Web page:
Cargo of the Sloop Olive Branch - 1770

[ Introduction ]

Account Sales of the Cargo of the Sloop Olive Branch, in a voyage to the West Indies from New York, commencing Nov. 3d, 1770.

Sold at ANT1GUA, viz:

One ton of Flour, the property of Henry Van Ranslar, weighing Nt. 30C. lqr. 4lh— sold for 21s. pr. C.— sold to Messrs. "Peterson & Hartshorn, £31 16 02
One ton ditto, the property of John Stevenson weighing, Nt. 30C. Oqr.
Sold one ton ditto, the property of Richard Van Zant, weighing 27C. Oqr. 191h, for 21s. pr. C.— Paterson and Hartshorn, 29 02 09
One ton ditto the property of Jane Van Howser, weighing 32C. Oqr. 151h— sold for 21s pr. C.— Patterson and Hartshorn, 34 04 07
One ton ditto the property of Doctr. Samuel Stringer, weighing 31C. 1qr. 14lh.— sold for 21s. 3d. pr. C— Mr. John Lindsay, 33 16 02
One ton ditto, the property of Nicholas Cuyler, weighing 27 C. 2qr. Olh. — sold for on an avernge, a 21s. 6d pr C. — different people, 29 11 03

One ton ditto, the property of Peter Silvester, Es.qr.,2harr's, wg 355 Nt. a 24s 4 05 02

1 harr. ditto, sold wg 1QOlh. Nl a 21s 2 01 02
13 harr. ditlo, wg. 243 Nt. a 21s 26 01 05 £
[Total] ..................... 223 04 07
Sales of Fish, viz :
14 barrs. Herring, the property of Col. Philip Schuyler — soldo 12s— sold to Bustie Entwitch, Esqr 8 OS 00
1 barr. do— sold Mr Carr 1 00 00
10 barrs. do , the property of Henry and Rchert Lansingh, a 12s.— Entwich, Esq. 6 00 00
20 harrs. do., the property of ditto, sold Mr. John Rose, a 20s 20 00 00
3.5 barrs ditto, the property of do., sold a 20.— Mr. Carr.... 3 10 00

total £38 18 00

Sales of Staves, viz :

7050 Nt. Thd. Slaves the property of self and comp'y, a £8 pr.M 621600
32 Ducks, sold a 33s. pr. doz'n 4 08 00
2 Turkeys, a 7s 0 14 00
3 1.2 Bushels of Pease, a 9s J 11 06
18 Pine Plank, a 2s. 6d 20500
15 Ditto Boards, a 1s. 6d 10206
An Horse Arning 1 10 00
11 empty water casks, a 8s. 3J 4 10 09
10 Caags Pease sold for Mrs. Lynot 3 00 00
l0 dittodo., for do 2 10 00
2 ditto do., for do 00506

2 ditto do., for do 0 10 00

3 harrs. of Apples sold for Isaac Van Volkenherg. a 24s 3 12 00

2 ditto, do. for do. a 20s 2 00 00

2 ditto, do. for do. a 7s. 6d 0 15 00

20 Geese sold for ditto, a 5s 5 00 00

1 ditto sold for do. a 4. 6d 0 04 06

2 harrs. Apples, sold for William Salsherry 2 08 00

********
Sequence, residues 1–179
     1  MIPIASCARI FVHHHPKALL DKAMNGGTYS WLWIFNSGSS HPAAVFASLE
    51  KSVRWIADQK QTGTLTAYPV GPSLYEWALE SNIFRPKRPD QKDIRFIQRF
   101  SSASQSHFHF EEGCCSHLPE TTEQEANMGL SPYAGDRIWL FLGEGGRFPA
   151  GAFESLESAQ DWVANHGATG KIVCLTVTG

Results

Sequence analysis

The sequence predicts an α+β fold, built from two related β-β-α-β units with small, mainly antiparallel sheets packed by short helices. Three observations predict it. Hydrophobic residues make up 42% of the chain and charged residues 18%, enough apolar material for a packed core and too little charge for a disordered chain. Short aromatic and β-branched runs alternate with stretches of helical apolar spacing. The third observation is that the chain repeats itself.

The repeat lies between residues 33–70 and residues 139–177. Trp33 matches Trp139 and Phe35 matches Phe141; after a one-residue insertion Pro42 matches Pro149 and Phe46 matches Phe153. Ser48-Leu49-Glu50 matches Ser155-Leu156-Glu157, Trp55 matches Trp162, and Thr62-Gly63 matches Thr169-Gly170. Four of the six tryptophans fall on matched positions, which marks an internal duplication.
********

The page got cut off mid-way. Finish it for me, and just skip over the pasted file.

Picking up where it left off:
2 ditto, do. for do a 12s 10400

2 ditto, do. for do. a 12s 1 04 00

1 ditto do. for do 10000

30 bunches of Onions, sold for Mr. Alex. Mac Lean, a 9d.. . 1 02 06

2 hhds. ditto, sold for ditto 4 09 00

11 Bunches dilto, sold for ditto, a 7d 0 06 05

1 Hhd. do. for do. 122 Bunches, a 6d 3 01 00

1 Hhd. do. for do. 113 do. a 7d 3 06 00

150 strings sold at vandue, for do. loose onions 0 13 00

6 empty Hhds. for do. a 8s 20800

1 small horse for self and Doctr. Stringer, 13 04 00

Sales at ST. CHR1STOPHER'S, viz : —

Sorrel horse, the property of William Hunn marked P. V. Z .................... 7 00 00
1 small Mare the property of William Pemberton .................... 14 00 00
1 Bay horse, the properly of Francis Vina, marked H. I... . 7 00 00
1 Black horse, the property ol John Ross, marked l. L. S.. 8 00 00
1 Bay horse, the property of Doctor Sum Stringer,. 13 00 00
1 Sorrel horse the property of Robert Henery 17 00 00
1 Dark Bay horse, the property of Henry Glen, marked B. V. B 13 1000
1 Black horse, the property of Mr. Wemp, marked P. M.,.. 14 15 00
1 Black horse, the property of Abraham Bloodgood, 14 00 00
2 horses, the property of Abraham Tenbrook, marked I D. &.A.T.B .................... 39 16 00
I Negroe Man, the property of Mr. Staats, .................... 51 00 00
Total, ............................................................ £591 01 09

Returns from the WEST INDIAS, viz :

19 Hogsheads Rum for James Bloodgood & Comp'y O. B., Hhd 's to contain the above Rum 21 07 06
12 Barr's Limes for do 6 08 00
Cash received at Antigua for freight, 15 10 00
9 HhJ's Rum for Sundry Shippers, pr. their several accounts, 145 17 00
81 lh. Cotton, « 6d 2 01 00
JE447 16 00